Born: April 13, 1824, Londonderry, Northern Ireland.
Died: September 12, 1911, Devon, England.
Buried: City Cemetery, Londonderry, Northern Ireland.
William was the son of Robert Alexander, prebendary of Aghadowey, Northern Ireland.
He was educated at Tunbridge School, and at Exeter College and Brasenose College, Oxford, graduating with classical honors in 1847.
Entering holy orders, he was successively rector of Camus-Juxta-Morne, Strabane, County Tyrone; dean of Emly (1864); and bishop of Derry and Raphoe (1867).
Alexander was select preacher at Oxford (1870–72 & 1882), Cambridge (1872–92), and Dublin (1879). He was also Bampton Lecturer in 1876.
Alexander’s poetry appeared in The Dublin University Magazine, The Spectator, Good Words, Lyra Britannica, and Lyra Anglicana.
He wrote two Oxford Prize poems, The Death of Jacob and The Waters of Babylon, and was appointed to recite the congratulatory ode to Lord Derby on his installation as chancellor in the Sheldonian Theater in 1852.
O Wonderful! round whose birth hour
Prophetic song, miraculous power,
Cluster and burn, like star and flower.
Those marvelous rays that at Thy will,
From the closed Heaven which is so still,
So passionless, streamed round Thee still,
Are but as broken lights that start,
O Light of light, from Thy deep heart;
Thyself, Thyself, the wonder art!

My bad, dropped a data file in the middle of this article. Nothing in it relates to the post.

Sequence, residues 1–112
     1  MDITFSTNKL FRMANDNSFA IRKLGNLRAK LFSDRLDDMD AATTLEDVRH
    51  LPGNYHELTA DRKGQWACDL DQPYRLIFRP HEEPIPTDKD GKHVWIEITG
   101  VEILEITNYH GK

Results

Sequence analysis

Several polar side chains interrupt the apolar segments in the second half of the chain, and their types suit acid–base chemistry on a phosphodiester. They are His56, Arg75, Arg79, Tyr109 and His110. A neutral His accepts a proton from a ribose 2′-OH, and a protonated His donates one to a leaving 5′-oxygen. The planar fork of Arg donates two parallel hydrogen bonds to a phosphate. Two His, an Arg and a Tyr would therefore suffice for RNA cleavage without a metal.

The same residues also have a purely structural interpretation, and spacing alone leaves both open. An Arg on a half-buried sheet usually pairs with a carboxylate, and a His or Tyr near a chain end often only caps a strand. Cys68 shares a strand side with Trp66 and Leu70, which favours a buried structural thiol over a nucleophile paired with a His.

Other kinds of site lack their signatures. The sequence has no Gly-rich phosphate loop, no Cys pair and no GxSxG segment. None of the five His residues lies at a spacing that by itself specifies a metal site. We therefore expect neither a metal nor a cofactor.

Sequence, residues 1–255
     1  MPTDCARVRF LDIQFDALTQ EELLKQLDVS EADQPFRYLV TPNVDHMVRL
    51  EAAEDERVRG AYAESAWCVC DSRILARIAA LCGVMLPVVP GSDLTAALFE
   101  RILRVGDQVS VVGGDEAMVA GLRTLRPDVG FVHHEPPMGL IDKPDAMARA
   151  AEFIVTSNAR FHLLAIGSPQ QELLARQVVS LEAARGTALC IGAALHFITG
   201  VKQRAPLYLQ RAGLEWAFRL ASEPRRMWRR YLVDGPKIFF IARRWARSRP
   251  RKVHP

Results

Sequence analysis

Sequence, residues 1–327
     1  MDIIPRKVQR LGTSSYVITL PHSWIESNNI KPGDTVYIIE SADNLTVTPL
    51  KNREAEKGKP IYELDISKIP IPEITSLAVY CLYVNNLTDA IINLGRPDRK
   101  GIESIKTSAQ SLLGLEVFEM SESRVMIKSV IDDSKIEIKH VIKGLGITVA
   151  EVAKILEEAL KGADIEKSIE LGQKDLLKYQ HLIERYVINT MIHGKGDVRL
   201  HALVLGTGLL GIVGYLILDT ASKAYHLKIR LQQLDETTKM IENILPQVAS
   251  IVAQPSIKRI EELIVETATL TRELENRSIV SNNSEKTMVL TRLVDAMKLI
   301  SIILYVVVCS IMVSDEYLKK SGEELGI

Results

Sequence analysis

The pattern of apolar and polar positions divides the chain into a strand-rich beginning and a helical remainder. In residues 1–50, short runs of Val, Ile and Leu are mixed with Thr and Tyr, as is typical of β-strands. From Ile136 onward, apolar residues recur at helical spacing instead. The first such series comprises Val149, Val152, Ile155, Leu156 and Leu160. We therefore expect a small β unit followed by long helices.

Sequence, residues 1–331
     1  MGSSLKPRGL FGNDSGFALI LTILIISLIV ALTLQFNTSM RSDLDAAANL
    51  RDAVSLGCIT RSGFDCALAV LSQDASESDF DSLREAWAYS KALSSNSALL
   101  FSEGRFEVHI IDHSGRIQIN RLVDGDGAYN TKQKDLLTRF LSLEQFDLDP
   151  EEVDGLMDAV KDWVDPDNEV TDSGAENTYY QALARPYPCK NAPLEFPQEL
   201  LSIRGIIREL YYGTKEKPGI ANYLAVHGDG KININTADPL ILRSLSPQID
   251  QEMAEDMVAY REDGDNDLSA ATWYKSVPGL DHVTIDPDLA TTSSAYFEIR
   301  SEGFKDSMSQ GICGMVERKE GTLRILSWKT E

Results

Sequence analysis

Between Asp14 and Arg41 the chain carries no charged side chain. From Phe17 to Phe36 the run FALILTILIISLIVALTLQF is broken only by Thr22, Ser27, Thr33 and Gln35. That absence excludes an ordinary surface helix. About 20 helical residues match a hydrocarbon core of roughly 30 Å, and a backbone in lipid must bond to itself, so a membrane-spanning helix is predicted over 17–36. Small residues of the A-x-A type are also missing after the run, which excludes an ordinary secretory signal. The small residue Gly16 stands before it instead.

O Counselor! four thousand years,
One question tremulous with tears,
One awful question vexed our peers.
They asked the vault, but no one spoke;
They asked the depth: no answer woke;
They asked their hearts that only broke.
They looked, and sometimes on the height
Far off they saw a haze of white,
That was a storm, but looked like light.
The secret of the years is read,
The enigma of the quick and dead,
By the Child voice interpreted.
O everlasting Father, God!
Sun after sun went down, and trod
Race after race the green earth’s sod,
Till generations seemed to be
But dead waves of an endless sea,
But dead leaves of a deathless tree.
But Thou hast come, and now we know
Each wave hath an eternal flow,
Each leaf a lifetime after snow.
O Prince of Peace!
Crowned and discrowned,
They say no war nor battle’s sound
Was heard the tired world around.
They say the hour that Thou didst come,
The trumpet’s voice was stricken dumb,
And no one beat the battle drum.
Yea, still as life to them that mark
Its poor adventure, seems a bark
Whose track is pale, whose sail is dark:
Thou, who art wonderful, dost fling
One ray, till, like the sea-bird’s wing,
The canvas is a snowy thing—
Till the dark boat is turned to gold,
And all the great green ocean rolled
With anthems that are new and old,
With noble path of luminous ray
From the boat slanting all the way
To the Island of undying day.
And still as clouding questions swarm
Around our hearts, and dimly form
Their problems of the mist and storm:
As fleeting years seem poorly fraught
With broken words, wherefrom is wrought
Nathless of love the loveliest thought,
Mere meaningless syllables chance met,
Though in one perfect poem yet
Uninterrupted to be set;
And when not yet in God’s sunshine,
The smoke drifts from the embattled line
And shows the Captain’s full design;
We bid our doubts and passions cease,
Our restless fears be stilled with these—
Counselor, Father, Prince of Peace!
St. Augustine’s Holiday, 1886